Limiting the Arbitrary: Linguistic Naturalism and its Opposites in Plato's Cratylus and Modern Theories of Language. (Studies in the History of the Language Sciences Series, 96.) Amsterdam and Philadelphia: John Benjamins, 2000. Pp. ix, 224. ISBN: 1556197497.
The idea that some aspects of language are 'natural', while others are arbitrary, artificial or derived, runs all through modern linguistics, from Chomsky's GB theory and Minimalist program and his concept of E- and I-language, to Greenberg's search for linguistic universals, Pinker's views on regular and irregular morphology and the brain, and the markedness-based constraints of Optimality Theory. Limiting the Arbitrary traces the heritage of this linguistic naturalism back to its locus classicus, Plato's dialogue Cratylus. Part One is a detailed examination of the linguistic arguments in the Cratylus. Part Two follows three of the dialogue's naturalistic themes through subsequent linguistic history -- natural grammar and conventional words, from Aristotle to Pinker; natural dialect and artificial language, from Varro to Chomsky; and invisible hierarchies, from Jakobson to Optimality Theory -- in search of a way forward beyond these seductive yet spurious and limiting dichotomies.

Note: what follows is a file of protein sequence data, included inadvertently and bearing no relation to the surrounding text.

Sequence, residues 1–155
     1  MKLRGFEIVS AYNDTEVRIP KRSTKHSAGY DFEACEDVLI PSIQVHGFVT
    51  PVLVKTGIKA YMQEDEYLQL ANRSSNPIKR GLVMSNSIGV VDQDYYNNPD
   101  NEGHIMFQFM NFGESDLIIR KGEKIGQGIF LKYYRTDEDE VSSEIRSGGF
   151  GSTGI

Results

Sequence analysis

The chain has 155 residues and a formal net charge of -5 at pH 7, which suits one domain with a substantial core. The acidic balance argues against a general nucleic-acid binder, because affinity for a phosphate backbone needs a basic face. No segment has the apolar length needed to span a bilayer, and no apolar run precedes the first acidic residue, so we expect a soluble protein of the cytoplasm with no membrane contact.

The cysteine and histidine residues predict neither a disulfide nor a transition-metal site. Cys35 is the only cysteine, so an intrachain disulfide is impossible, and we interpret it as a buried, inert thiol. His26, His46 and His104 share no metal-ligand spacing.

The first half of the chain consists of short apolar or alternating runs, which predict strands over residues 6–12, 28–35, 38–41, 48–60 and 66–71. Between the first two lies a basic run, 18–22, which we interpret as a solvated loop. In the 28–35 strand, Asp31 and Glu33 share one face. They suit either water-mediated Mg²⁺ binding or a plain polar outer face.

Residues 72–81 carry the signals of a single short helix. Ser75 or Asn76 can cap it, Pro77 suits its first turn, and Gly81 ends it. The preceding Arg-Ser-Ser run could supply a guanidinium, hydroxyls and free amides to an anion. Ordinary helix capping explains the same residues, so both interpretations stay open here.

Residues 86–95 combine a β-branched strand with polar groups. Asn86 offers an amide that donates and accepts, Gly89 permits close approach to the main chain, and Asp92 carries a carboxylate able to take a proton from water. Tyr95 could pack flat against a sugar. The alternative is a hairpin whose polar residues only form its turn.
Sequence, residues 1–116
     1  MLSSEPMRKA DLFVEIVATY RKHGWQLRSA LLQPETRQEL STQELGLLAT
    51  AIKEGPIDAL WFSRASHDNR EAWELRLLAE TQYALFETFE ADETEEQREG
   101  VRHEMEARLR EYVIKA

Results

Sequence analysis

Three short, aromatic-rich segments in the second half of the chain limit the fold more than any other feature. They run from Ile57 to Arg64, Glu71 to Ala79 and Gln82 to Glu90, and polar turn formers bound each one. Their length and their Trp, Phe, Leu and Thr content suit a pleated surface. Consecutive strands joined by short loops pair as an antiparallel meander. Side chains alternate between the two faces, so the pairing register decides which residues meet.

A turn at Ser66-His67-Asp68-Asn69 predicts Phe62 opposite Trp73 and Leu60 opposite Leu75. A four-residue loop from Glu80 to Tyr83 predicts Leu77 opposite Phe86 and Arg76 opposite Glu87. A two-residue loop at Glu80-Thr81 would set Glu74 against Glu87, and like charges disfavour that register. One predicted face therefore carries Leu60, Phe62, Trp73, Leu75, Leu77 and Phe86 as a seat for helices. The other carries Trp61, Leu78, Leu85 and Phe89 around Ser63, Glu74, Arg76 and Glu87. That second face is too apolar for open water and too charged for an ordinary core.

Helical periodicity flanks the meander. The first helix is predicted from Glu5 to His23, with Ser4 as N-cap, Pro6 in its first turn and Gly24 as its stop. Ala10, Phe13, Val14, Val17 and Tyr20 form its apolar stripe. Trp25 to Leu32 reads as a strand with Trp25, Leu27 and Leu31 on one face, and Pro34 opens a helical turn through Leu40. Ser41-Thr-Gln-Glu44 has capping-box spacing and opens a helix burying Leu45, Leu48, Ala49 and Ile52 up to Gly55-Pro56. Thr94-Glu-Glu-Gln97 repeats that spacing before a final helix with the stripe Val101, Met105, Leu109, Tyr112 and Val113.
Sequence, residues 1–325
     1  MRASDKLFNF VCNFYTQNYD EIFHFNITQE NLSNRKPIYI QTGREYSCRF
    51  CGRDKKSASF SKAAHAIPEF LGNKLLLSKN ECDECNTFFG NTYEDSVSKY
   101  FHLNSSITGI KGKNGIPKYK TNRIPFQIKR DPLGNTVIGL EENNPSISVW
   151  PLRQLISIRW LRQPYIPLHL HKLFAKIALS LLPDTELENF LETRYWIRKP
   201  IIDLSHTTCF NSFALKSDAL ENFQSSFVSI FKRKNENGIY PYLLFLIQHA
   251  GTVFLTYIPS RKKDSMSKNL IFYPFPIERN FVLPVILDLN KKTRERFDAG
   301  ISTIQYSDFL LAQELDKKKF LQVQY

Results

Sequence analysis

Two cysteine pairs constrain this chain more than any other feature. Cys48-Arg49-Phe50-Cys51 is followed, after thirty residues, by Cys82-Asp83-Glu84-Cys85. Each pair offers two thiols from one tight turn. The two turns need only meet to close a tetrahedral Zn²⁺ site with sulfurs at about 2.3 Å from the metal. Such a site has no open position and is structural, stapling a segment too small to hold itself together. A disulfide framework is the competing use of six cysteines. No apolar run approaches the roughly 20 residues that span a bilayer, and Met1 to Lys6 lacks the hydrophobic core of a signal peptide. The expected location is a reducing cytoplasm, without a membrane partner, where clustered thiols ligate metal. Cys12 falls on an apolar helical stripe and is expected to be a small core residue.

"[A] must-read for any serious linguist, let alone a linguistic historiographer. [The author's] mission is to challenge linguists to reflect on their own fundamental assumptions and to recognize that there is nothing much new under the sun — and in this he succeeds admirably. The whole is an enjoyable and thought-provoking read." Nicola McLelland, Trinity College, Dublin
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